Projects / Programmes source: ARIS

Structural studies of nucleic acids with G-rich repeating sequences

Research activity

Code Science Field Subfield
1.04.00  Natural sciences and mathematics  Chemistry   

Code Science Field
B002  Biomedical sciences  Biophysics 

Code Science Field
1.04  Natural Sciences  Chemical sciences 
NMR G-quadruplex structure onkogen
Evaluation (rules)
source: COBISS
Researchers (7)
no. Code Name and surname Research area Role Period No. of publicationsNo. of publications
1.  24448  PhD Mirko Cevec  Natural sciences and mathematics  Researcher  2014 - 2017  65 
2.  31950  PhD Petra Galer  Natural sciences and mathematics  Researcher  2015 - 2017  26 
3.  32112  PhD Martina Lenarčič Živković  Natural sciences and mathematics  Researcher  2015 - 2017  56 
4.  24975  PhD Damjan Makuc  Natural sciences and mathematics  Researcher  2015 - 2017  126 
5.  10082  PhD Janez Plavec  Natural sciences and mathematics  Head  2014 - 2017  1,217 
6.  28022  PhD Peter Podbevšek  Natural sciences and mathematics  Researcher  2014 - 2017  112 
7.  22575  PhD Primož Šket  Natural sciences and mathematics  Researcher  2014 - 2017  214 
Organisations (2)
no. Code Research organisation City Registration number No. of publicationsNo. of publications
1.  0104  National Institute of Chemistry  Ljubljana  5051592000  20,953 
2.  2992  EN-FIST CENTRE OF EXCELLENCE  Ljubljana  3664830  2,743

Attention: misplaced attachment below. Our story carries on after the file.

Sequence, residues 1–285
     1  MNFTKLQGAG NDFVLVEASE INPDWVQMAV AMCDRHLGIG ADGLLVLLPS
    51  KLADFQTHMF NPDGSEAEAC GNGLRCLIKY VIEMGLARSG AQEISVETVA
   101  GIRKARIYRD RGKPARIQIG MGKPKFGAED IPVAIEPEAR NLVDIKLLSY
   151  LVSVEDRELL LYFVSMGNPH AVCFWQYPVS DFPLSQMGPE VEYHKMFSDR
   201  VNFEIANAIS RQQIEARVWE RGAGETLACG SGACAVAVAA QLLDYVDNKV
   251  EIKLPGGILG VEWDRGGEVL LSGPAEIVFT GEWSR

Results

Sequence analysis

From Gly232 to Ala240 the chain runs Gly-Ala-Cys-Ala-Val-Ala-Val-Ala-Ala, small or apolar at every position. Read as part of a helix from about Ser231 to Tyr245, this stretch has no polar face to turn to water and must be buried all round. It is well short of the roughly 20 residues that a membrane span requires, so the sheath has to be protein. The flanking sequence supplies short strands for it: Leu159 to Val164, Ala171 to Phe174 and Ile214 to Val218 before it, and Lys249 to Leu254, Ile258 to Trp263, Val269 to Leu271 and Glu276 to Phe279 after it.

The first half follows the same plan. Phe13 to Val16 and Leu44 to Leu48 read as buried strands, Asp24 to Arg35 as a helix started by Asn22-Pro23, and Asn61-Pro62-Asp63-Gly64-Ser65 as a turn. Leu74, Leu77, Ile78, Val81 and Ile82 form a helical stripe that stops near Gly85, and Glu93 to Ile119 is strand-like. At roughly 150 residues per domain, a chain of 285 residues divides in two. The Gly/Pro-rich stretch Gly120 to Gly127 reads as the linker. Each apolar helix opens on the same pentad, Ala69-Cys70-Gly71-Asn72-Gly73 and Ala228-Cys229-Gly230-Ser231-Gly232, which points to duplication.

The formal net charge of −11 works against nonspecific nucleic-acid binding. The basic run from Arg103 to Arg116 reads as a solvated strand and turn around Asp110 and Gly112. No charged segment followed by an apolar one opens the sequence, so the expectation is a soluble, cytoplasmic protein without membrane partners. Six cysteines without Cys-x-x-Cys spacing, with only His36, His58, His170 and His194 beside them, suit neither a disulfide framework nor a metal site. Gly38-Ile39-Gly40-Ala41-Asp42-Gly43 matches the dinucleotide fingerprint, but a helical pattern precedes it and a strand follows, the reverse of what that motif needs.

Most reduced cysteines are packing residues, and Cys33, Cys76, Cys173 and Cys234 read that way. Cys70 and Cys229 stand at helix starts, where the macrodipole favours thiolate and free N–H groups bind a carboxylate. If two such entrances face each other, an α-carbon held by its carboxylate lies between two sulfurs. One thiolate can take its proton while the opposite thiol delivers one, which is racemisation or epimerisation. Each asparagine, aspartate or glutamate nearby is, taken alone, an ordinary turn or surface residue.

Nucleic acids adopt a great number of topologies including multi-stranded helical structures, which enable them to perform different biological functions ranging from transfer of genetic information to catalysis and regulation. G-quadruplex, a four-stranded secondary structure formed by guanine-rich (G-rich) nucleic acids is gaining increasing attention as means for therapeutic intervention. The basic building block of G-quadruplexes is a G-quartet in which four guanine bases are held together by eight Hoogsteen hydrogen bonds in a co-planar arrangement. Within the framework of the current proposal we intend to study structural features of G-rich genomic DNA sequences, which are expected to form G-quadruplex structures. We will primarily focus on promoter regions of oncogenes related to ras proteins that are important in human cancers. G-quadruplex structures formed by promoters have been, in comparison to telomeric regions, addressed in only few studies and their structural features are poorly understood, which raises the need for structural characterization. In many promoter regions of the human genome, including the important oncogenes such as KRAS, HRAS and NRAS, G-rich regions with a potential to form G-quadruplex structures, have been identified. The genes originating from the ras family are expressed in a tissue-specific fashion: HRAS is highly expressed in skin and skeletal muscles, KRAS in colon and thymus and NRAS in male germinal tissue. HRAS, KRAS and NRAS are involved in the pathogenesis of different types of cancer. As such they are considered a primary target for the development of anticancer drugs. Recent studies showed that this role can be attributed to their G-rich promoters, which can potentially fold into a G-quadruplex structure. Numerous findings support the hypothesis that formation and unfolding of specific G-quadruplex structures may be involved in regulation of gene expression. Past studies have shown that G-quadruplexes are highly polymorphic, which has been associated with specifics of oligonucleotide sequences as well as with conditions in solution. Connecting loops, which can span the diagonal or edge of the outer G-quartet or can adopt a double chain reversal orientation along the side of the G-quadruplex core, play a very important role in stabilization of G-quadruplex structures. We will devote special attention to the nature and sequence requirements of loops since their structure is very important in terms of interaction between the DNA molecule and ligands (potential drugs). An attractive therapeutic strategy to inhibit transcription of ras proteins is by the introduction of polycyclic aromatic hydrocarbon insertions such as Twisted Intercalating Nucleic Acids that stabilize G-quadruplexes and repress transcription. Decoy strategy is based on a hypothesis that oligonucleotides mimicking G-quadruplexes compete with the binding of MAZ to the RAS promoter, inhibit its expression and uncontrolled cell growth. To enhance their activity, anti-KRAS decoy oligonucleotides should maintain the 3D structure recognized by the cognate transcription factor and exhibit enhanced resistance to nucleases. The primary research tool will be high-resolution NMR spectroscopy. We plan to complement the results by UV, CD and other (spectroscopic) methods. In addition to the characterization of 3D structures with atomic resolution we will also study dynamics of individual segments of the structure, especially loop regions. Using structure-guided design we expect to optimize the sequence position of intercalating nucleotide residues with pyrene chromophores that supposedly stack on the external G-quartets thus stabilizing the G-quadruplex decoy, and furthermore suggest synthesis of aromatic heterocyclic analogues with potential to regulate transcription of a gene through (de)stabilization of G-quadruplex structures.